Starting next January, the University of North Texas will conduct Rapid DNA tests on behalf of the U.S. Department of Defense.
Rapid DNA machines are tools used for quick DNA analysis, often providing results within 90 minutes.
The testing will involve a prototype funded by the Department of Defense, along with the U.S. Department of Justice and U.S. Department of Homeland Security. The three agencies together have funded this research as part of their joint “Accelerated Nuclear DNA Equipment” program.
The goal of the defense department, in partnership with U.S. government inter-agency partners, is to develop technologies that enable automated rapid DNA profiling, while minimizing analytical complexity and user manipulations for field biometric and forensic applications.
While the device that the University of North Texas is testing on behalf of the Pentagon is a desktop-sized device which costs approximately US$250,000, the ultimately goal is for federal agencies to eventually drive down the price per DNA analysis from US$500 to less than US$100.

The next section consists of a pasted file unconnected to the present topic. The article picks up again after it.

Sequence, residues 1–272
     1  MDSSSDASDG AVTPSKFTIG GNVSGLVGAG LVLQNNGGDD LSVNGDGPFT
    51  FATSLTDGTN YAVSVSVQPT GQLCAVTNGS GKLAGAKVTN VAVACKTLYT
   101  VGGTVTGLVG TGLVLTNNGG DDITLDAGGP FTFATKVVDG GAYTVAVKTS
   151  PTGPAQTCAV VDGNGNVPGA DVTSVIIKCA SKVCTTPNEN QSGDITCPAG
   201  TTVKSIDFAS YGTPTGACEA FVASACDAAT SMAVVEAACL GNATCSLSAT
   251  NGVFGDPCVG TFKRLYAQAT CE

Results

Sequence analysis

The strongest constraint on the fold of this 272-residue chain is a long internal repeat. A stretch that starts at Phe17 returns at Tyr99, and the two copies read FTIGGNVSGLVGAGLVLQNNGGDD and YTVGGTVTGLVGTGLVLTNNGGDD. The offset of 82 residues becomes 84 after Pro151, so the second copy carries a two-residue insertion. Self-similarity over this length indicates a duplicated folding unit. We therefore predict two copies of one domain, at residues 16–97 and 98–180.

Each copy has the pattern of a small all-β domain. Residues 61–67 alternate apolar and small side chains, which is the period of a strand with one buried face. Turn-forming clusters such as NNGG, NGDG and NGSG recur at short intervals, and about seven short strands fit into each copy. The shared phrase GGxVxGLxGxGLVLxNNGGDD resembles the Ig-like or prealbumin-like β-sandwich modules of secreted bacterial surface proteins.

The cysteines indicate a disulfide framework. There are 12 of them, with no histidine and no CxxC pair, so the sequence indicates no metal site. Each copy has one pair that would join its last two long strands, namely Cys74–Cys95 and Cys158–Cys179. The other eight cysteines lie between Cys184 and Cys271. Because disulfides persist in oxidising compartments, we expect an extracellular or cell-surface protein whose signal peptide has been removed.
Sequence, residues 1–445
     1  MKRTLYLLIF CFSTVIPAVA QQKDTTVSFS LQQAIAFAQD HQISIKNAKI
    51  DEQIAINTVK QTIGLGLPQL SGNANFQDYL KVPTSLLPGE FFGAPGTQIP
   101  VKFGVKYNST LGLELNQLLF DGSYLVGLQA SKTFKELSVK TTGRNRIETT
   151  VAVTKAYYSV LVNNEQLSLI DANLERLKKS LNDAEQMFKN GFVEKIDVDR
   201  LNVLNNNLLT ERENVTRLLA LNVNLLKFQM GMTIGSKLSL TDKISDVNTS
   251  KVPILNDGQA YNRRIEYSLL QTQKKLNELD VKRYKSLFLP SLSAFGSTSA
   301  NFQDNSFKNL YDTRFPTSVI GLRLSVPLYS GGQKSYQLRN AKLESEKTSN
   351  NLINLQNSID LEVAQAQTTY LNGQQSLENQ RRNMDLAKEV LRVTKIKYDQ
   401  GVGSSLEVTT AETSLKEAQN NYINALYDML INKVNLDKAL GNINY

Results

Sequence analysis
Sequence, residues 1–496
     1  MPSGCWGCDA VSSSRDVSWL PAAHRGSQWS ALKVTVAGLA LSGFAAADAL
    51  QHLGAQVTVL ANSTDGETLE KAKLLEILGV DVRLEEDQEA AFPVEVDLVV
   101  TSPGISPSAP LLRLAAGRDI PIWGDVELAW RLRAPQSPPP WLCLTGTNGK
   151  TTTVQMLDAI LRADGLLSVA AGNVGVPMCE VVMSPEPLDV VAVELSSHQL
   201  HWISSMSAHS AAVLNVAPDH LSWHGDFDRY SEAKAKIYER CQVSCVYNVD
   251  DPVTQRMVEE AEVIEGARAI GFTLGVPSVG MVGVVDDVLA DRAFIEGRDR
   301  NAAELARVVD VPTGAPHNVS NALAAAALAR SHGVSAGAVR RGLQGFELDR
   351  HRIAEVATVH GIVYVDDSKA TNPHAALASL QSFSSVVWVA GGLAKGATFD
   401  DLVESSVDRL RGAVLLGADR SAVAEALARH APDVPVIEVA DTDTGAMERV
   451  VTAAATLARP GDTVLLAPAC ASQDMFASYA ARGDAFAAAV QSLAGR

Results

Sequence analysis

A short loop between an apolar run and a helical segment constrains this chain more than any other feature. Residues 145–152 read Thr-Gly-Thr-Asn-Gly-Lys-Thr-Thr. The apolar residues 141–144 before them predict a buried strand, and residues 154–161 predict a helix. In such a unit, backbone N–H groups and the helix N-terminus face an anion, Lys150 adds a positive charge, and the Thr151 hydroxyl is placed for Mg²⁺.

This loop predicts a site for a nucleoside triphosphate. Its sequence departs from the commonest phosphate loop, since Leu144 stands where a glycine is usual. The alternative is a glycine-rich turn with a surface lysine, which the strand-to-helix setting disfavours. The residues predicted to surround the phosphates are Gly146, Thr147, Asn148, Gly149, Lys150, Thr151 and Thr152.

The defense department is interested in Rapid DNA matching so that casualties and enemies killed in action can be quickly identified in the field.
The Pentagon chose the University of North Texas for this un-tendered contract because of its security clearances and pre-existing expertise in the area of Rapid DNA research. More information is available about the project in a Department of Homeland Security presentation available online.
Stephen Mayhew, Biometric Update
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